It was a center for sextourism – illegal prostitution between Filipina girls and foreign men. Many of these girls were still in their teens when they were trafficked into the industry or forced into it by economic hardship and family pressure.
Social workers have realized that much of the sexual abuse suffered by the children is generational. Many of the mothers of these children were also raped and sexually assaulted. Their view is that “It happened to my mother, I did it to survive, and so must you.”
Preda’s president Father Shay Cullen has been fighting for the rights and well-being of the Philippines’ abused children since 1974. He is seeking a global solution for this growing problem.
“There must be an international law. This is the only way. All national governments must put restrictions on internet corporations. They should cooperate to limit the flow of child abuse material as well as the streaming of sexual abuse of children online.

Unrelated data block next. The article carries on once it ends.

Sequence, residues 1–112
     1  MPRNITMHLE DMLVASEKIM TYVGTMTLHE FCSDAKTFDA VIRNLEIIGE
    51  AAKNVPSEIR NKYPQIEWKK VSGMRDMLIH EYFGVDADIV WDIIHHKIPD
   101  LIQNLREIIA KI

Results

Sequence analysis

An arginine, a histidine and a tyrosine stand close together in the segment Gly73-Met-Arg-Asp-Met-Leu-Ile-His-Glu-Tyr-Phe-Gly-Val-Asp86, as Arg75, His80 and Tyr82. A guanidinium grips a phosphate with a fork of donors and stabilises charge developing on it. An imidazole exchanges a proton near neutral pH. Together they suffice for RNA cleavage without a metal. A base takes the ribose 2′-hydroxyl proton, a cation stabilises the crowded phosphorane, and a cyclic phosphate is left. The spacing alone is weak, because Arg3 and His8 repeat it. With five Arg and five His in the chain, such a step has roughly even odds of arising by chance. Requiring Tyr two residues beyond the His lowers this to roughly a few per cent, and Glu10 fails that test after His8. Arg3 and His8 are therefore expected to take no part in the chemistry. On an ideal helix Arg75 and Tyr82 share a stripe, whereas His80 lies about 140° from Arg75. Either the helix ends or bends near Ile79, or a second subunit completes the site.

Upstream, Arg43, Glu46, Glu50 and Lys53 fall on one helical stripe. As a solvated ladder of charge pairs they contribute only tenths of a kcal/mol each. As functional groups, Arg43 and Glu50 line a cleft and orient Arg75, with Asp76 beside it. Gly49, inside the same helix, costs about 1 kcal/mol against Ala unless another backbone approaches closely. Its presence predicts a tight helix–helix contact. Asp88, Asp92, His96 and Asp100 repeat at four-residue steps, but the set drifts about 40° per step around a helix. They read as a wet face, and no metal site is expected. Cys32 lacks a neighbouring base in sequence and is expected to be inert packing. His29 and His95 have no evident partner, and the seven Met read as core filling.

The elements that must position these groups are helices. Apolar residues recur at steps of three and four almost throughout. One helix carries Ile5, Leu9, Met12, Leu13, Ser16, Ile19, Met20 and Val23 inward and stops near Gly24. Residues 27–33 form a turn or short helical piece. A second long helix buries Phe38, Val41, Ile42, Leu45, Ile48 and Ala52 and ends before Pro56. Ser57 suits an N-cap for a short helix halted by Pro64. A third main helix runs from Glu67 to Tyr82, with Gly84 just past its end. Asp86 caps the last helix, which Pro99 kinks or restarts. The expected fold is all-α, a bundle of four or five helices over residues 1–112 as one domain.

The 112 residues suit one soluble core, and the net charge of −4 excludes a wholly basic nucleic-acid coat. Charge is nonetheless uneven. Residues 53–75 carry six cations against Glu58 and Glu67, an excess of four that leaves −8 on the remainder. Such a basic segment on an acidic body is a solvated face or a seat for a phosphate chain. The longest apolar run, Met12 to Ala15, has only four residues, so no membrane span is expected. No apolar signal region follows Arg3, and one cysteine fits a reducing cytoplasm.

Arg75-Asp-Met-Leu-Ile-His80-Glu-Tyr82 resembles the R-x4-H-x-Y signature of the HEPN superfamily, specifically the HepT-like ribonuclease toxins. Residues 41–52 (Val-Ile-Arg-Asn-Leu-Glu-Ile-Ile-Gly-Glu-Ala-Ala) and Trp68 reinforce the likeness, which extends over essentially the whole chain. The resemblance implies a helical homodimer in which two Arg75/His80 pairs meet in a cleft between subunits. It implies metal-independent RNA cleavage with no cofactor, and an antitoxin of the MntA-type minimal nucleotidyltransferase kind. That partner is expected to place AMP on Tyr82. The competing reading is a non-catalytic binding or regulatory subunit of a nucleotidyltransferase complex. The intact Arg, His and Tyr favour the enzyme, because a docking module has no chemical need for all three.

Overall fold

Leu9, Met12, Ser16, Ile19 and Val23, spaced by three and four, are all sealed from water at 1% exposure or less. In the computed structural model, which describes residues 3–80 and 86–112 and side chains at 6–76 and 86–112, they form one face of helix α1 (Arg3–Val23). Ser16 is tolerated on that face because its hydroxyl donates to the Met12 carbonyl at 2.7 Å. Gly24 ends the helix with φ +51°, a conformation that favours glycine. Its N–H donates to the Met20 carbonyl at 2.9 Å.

He agrees that things are changing but it is slow.
However, this is only one aspect of the war. Preda and other organizations are fighting for the rehabilitation of children.
Preda offers some of the most difficult healing. Preda has a dark room and soft music.
The floors and walls are covered with large pads, which gymnasts use to ensure a smooth landing. The only light is from the open door.
Five children are kneeling in front of the wall, each one in their own space. The majority of them face the wall.
As they pound the pads, the overwhelming sound is the irregular thud of the feet and fists.
Your heart stops when you hear the first raw, desperate cries. It starts all over again. But it is difficult to listen, even if you are only a few seconds away.
The cushioned walls were surrounded by questions. What did I do? What was I thinking? These are heartbreaking.
The therapist is quiet inside, waiting to assist.
Francisco Bermido Jr., president of Preda, says “It all starts in the room.”
“If they can confront their abusers at the ‘primal room’, they will be able to move forward to face them in court. These emotions include hate for their abusers and hate for those they have told but did not believe.